This is an emotionally gripping, fictional look at a couple torn apart by the infamous Argentine campaign of killings and torture that sent thousands of accused terrorists to unmarked graves in the mid-and late-'70s. Alicia (Norma Aleandro) and Roberto (Hector Alterio) adopted a little girl (Analia Castro) during this period of governmental terror in Argentina. Alicia has always wondered about the parents of their little girl, a topic her husband has forced her into forgetting as a condition of the adoption -- he alone knows the full story. Thanks to censorship, Alicia -- like others -- is not fully aware of how much killing has gone on until her students at school start complaining that their textbook histories were written by murderers. Add to this a long conversation with a friend who had been in exile after she was tortured by the government, and Alicia starts to do some serious political and personal research on her own. The results reveal the identity of the little girl's dead parents and reveal that Alicia's husband has had a nasty hand in the government repression and dirty dealings with foreign businesses. She also learns the identity of the girl's grandmother. Her next decision will determine what to do with this information. ~ Eleanor Mannikka, Rovi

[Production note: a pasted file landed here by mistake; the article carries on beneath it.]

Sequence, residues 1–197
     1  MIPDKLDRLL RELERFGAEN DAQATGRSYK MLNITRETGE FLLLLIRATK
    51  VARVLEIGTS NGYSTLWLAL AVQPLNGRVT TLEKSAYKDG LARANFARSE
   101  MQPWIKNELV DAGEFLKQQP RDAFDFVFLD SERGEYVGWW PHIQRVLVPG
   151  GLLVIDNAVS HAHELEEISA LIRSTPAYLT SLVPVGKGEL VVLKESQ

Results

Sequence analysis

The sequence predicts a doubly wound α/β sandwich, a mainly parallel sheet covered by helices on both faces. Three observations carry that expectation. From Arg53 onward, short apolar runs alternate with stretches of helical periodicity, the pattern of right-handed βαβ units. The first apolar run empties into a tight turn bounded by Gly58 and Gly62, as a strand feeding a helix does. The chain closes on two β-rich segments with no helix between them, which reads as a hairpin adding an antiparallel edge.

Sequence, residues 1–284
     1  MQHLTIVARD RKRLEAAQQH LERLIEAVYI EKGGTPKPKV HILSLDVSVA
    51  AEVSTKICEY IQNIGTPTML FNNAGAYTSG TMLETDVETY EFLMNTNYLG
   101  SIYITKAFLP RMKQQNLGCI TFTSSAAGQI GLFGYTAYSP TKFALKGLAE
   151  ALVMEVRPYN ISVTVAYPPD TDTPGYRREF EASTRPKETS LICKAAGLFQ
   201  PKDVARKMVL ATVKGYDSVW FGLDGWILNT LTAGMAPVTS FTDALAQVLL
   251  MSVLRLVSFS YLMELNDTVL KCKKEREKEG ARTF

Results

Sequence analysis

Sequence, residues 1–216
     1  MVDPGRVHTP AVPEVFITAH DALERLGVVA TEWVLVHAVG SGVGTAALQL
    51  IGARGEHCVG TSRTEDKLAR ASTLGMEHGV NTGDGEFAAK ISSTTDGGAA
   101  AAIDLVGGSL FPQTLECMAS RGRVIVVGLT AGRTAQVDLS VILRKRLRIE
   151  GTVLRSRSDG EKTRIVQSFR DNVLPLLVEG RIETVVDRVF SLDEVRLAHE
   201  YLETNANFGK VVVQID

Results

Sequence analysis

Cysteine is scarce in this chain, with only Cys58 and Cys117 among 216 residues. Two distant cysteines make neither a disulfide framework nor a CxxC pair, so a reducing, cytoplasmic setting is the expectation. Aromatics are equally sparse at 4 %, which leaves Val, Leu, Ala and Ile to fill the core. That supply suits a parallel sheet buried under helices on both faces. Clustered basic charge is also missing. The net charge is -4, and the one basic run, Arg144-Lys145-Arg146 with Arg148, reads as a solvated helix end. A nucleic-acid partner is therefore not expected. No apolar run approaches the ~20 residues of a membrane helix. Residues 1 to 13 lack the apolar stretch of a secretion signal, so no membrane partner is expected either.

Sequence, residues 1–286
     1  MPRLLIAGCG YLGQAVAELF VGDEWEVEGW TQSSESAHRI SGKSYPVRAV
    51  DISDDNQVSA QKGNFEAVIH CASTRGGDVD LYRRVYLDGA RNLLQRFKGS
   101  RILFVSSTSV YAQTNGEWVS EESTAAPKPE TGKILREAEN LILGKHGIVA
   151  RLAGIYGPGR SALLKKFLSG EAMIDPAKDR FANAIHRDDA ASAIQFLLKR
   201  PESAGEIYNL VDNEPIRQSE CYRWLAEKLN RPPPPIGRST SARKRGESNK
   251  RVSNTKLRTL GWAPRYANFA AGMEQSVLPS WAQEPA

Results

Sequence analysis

The wife of a military official longs for a child. When her husband surprises her with a baby but explains that she can ask no questions, the wife does everything she can to move on, but finally has to face reality and investigate the secrets of her baby's true family. Fantastic movie - based on true issues that happened in Latin America.
One way to effectively depict the horrors of a large scale crime against humanity is to present its impact on a few associated people. This personalizes the evil's impact. Something was missing from this film. The story line was solid. It seemed very well acted. And yet ... Maybe it was the subtitling. Maybe it was the lack of us being shown the extent of the violence perpetrated against the voices of protest. It was presupposed that we knew the extent of the government's contempt for human rights to somehow fully appreciate the film. I did, and the film still did not grip me like the film makers would have wanted. Still worth the view.